I knew that Chicago BBQ sauce had a distinctive profile—red, tomatoey, with a little kick—and distinctive uses (such as being poured all over fried chicken), but I never heard it called “Mild Sauce” as a name (as opposed to a descriptor—”you want hot or mild sauce?”) until Hannibal Burress’ article in Chicago mag in February. But apparently Mild Sauce by name is a thing, and has been for a long time; Bill Daley explores its history and possible inventors in an excellent look into the reaches of BBQ and fried chicken history. (Tribune)


The Reader’s Best of issue has several food-related stories worth checking out; in particular I liked Ernest Wilkins’ paean to a south side hoagy specialty, the sweet steak sandwich (though he seems to take it as an affront that it hasn’t been discovered already; this is how things get discovered, someone like you writes about them).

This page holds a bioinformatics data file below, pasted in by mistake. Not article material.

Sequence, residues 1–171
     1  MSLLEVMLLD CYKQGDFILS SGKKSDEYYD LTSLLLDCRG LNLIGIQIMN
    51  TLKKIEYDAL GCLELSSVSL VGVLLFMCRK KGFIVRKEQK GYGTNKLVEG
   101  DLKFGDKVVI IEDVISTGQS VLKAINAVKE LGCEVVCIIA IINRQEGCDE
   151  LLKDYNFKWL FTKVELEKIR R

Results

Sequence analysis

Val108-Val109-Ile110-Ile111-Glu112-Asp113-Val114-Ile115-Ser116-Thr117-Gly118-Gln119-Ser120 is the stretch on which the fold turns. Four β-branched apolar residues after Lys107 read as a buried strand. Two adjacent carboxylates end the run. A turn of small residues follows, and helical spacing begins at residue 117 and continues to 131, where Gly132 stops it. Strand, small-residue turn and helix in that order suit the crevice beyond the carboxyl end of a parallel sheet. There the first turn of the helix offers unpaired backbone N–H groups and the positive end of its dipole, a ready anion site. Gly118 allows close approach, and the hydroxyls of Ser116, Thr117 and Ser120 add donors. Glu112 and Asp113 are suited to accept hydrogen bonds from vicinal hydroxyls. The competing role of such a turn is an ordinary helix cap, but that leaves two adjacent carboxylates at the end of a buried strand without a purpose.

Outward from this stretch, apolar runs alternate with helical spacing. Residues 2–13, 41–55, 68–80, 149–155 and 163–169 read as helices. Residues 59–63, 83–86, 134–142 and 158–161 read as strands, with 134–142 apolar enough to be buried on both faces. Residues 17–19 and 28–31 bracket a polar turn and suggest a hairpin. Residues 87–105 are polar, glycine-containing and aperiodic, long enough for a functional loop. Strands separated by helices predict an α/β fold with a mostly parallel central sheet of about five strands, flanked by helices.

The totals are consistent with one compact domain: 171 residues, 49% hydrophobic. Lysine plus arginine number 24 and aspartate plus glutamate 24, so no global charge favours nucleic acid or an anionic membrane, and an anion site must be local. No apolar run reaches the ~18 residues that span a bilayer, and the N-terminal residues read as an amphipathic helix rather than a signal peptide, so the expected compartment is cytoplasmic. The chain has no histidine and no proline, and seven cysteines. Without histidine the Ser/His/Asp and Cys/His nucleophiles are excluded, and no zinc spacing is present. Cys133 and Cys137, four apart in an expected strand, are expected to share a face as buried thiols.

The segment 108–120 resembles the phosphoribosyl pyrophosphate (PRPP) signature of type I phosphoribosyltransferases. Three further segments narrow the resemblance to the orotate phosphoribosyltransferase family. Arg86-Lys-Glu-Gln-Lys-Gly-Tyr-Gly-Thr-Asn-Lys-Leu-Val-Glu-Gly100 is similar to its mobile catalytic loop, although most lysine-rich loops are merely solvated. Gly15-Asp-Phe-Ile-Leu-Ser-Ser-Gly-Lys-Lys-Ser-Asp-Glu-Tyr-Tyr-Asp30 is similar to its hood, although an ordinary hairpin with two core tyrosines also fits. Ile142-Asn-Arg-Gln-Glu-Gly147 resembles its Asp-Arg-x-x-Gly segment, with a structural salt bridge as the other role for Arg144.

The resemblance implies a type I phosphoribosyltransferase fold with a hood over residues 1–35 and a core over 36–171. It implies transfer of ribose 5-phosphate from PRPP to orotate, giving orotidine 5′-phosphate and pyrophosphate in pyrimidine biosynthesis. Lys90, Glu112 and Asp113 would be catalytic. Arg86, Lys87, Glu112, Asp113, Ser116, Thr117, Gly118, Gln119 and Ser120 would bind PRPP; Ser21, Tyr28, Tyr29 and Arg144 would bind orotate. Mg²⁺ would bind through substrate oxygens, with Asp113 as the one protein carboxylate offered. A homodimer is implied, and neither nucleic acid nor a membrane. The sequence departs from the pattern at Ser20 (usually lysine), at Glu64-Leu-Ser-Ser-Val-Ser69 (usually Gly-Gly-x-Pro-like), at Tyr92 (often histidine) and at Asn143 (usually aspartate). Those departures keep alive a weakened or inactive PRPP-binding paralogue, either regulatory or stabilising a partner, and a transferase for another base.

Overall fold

On Monday someone posted on LTHForum that critically-acclaimed Streeterville pizza place Robert’s Pizza looked closed. They were right, and the story has gotten twistier and twistier since then: later that day Eater reported that they had closed due to a dispute between owners Robert Garvey and Shawn DeAmicis, who had been part of the previous pizza tenant in the spot, Flour & Stone. By Thursday the Tribune was reporting a lawsuit was in the works. And by Friday, seemingly to forestall any possibility of Robert’s returning in the space, consulting group Hats Off Hospitality was involved as the developer of a new concept to go in the space (what, exactly, was unspecified; sounds like they were still thinking it up).